7. Sharing Data Between Domains
      1. Sharing Data via Slots
      2. Intra-Process Remoting
      3. Isolating Types and Assemblies
  27. 25. Native and COM Interoperability
    1. Calling into Native DLLs
    2. Type Marshaling
      1. Marshaling Common Types
      2. Marshaling Classes and Structs
      3. In and Out Marshaling
    3. Callbacks from Unmanaged Code
    4. Simulating a C Union
    5. Shared Memory
    6. Mapping a Struct to Unmanaged Memory
      1. fixed and fixed {...}
    7. COM Interoperability
      1. The Purpose of COM
      2. The Basics of the COM Type System
    8. Calling a COM Component from C#
      1. Optional Parameters and Named Arguments
      2. Implicit ref Parameters
      3. Indexers
      4. Dynamic Binding
    9. Embedding Interop Types
      1. Type Equivalence
    10. Primary Interop Assemblies
    11. Exposing C# Objects to COM
  28. 26. Regular Expressions
    1. Regular Expression Basics
      1. Compiled Regular Expressions
      2. RegexOptions
      3. Character Escapes
      4. Character Sets
    2. Quantifiers
      1. Greedy Versus Lazy Quantifiers
    3. Zero-Width Assertions
      1. Lookahead and Lookbehind
      2. Anchors
      3. Word Boundaries
    4. Groups
      1. Named Groups
    5. Replacing and Splitting Text
      1. MatchEvaluator Delegate
      2. Splitting Text
    6. Cookbook Regular Expressions
      1. Recipes
    7. Regular Expressions Language Reference
  29. Index
  30. About the Authors
  31. Colophon
  32. Copyright

Chapter 1. Introducing C# and the .NET Framework

C# is a general-purpose, type-safe, object-oriented programming language. The goal of the language is programmer productivity. To this end, the language balances simplicity, expressiveness, and performance. The chief architect of the language since its first version is Anders Hejlsberg (creator of Turbo Pascal and architect of Delphi). The C# language is platform-neutral, but it was written to work well with the Microsoft .NET Framework.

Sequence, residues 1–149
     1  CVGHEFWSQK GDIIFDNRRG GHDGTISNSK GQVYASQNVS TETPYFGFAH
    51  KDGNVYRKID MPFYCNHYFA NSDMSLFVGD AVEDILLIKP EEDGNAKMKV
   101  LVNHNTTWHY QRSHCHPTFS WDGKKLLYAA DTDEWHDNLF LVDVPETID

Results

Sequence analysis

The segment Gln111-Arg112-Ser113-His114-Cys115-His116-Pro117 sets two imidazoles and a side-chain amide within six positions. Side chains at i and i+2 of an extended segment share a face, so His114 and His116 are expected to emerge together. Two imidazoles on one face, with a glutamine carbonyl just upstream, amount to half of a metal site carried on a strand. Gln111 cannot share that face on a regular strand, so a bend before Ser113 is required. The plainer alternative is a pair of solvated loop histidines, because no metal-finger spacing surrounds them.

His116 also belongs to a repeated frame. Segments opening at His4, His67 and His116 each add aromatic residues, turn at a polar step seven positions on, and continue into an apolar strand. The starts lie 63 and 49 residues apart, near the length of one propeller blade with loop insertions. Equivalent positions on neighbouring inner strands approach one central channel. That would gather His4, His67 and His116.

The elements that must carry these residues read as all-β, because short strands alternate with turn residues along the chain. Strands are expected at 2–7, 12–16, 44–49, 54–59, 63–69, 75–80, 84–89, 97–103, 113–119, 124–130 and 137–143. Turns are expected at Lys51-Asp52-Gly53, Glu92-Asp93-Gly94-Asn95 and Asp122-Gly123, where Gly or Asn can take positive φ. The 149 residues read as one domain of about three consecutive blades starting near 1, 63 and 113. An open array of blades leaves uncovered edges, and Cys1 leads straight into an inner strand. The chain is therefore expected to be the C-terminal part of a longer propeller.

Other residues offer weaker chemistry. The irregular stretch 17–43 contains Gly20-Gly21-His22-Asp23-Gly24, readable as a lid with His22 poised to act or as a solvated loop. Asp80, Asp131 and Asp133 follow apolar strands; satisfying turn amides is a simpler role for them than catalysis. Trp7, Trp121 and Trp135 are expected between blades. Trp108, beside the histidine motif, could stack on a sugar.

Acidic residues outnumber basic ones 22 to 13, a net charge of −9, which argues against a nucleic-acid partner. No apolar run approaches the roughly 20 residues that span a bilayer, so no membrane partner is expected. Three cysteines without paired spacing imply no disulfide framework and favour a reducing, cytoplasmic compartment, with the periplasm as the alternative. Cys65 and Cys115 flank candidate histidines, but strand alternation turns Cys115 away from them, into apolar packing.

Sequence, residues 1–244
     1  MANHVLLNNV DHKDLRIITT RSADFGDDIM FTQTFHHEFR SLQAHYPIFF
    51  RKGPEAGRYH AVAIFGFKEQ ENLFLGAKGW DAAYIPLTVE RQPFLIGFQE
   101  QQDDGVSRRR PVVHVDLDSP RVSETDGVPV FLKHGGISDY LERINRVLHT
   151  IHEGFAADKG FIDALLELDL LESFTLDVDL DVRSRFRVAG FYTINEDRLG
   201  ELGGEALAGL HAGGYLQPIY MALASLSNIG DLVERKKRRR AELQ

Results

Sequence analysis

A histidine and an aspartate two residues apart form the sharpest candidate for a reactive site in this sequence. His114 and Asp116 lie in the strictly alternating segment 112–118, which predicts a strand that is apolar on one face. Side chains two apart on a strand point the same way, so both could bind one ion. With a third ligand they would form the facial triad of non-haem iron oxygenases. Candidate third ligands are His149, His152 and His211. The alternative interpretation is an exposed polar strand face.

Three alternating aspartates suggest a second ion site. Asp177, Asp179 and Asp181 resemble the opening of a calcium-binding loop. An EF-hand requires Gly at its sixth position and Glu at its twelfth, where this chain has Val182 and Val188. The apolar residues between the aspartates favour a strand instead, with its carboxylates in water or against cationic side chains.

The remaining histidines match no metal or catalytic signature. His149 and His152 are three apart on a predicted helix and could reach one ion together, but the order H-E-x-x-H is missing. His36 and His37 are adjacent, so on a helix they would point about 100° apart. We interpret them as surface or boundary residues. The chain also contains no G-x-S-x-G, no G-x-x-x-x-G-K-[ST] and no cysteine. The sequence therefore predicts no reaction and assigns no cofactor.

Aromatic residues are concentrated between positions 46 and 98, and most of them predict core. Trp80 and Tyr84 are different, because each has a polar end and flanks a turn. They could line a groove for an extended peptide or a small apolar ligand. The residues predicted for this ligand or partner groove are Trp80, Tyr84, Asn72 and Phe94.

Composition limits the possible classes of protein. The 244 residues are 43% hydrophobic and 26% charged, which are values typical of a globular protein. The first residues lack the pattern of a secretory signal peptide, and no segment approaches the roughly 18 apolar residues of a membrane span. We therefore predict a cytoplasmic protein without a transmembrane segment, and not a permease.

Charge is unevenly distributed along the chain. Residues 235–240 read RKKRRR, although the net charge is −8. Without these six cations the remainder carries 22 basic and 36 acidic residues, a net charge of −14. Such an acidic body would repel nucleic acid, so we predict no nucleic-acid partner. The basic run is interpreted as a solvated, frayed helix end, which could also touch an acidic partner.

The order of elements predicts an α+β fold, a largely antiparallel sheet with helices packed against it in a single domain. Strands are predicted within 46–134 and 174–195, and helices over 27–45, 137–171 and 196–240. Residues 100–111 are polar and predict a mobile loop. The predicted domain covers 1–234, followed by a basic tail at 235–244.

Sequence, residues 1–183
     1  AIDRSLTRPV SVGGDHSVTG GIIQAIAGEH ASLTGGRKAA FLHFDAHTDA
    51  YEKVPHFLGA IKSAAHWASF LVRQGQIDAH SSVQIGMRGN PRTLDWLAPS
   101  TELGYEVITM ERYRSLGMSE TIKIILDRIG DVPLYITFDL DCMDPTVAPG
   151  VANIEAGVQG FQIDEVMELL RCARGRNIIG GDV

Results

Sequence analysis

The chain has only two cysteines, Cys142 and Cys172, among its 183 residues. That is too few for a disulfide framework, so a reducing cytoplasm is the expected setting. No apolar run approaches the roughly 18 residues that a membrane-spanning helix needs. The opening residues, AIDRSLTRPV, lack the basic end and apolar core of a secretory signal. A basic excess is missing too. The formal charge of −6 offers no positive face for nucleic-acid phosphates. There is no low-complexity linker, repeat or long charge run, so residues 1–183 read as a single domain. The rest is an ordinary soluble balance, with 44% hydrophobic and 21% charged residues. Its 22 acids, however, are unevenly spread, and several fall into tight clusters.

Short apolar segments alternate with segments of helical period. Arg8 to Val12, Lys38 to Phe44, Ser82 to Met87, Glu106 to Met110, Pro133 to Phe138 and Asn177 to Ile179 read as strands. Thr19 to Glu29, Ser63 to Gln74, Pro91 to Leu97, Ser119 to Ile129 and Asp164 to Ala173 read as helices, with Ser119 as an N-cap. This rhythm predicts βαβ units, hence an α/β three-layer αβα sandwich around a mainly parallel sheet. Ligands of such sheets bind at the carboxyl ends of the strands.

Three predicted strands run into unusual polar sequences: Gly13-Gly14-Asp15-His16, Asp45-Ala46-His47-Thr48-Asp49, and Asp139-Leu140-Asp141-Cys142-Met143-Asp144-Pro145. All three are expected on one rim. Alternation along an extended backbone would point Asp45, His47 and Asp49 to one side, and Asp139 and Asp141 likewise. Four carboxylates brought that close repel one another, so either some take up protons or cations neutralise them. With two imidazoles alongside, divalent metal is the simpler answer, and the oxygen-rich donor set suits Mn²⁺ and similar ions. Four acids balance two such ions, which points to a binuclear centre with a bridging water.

Object Orientation

C# is a rich implementation of the object-orientation paradigm, which includes encapsulation, inheritance, and polymorphism. Encapsulation means creating a boundary around an object, to separate its external (public) behavior from its internal (private) implementation details. The distinctive features of C# from an object-oriented perspective are:

Unified type system

The fundamental building block in C# is an encapsulated unit of data and functions called a type. C# has a unified type system, where all types ultimately share a common base type. This means that all types, whether they represent business objects or are primitive types such as numbers, share the same basic set of functionality. For example, an instance of any type can be converted to a string by calling its ToString method.

Classes and interfaces

In a traditional object-oriented paradigm, the only kind of type is a class. In C#, there are several other kinds of types, one of which is an interface. An interface is like a class, except that it only describes members. The implementation for those members comes from types that implement the interface. Interfaces are particularly useful in scenarios where multiple inheritance is required (unlike languages such as C++ and Eiffel, C# does not support multiple inheritance of classes).

Properties, methods, and events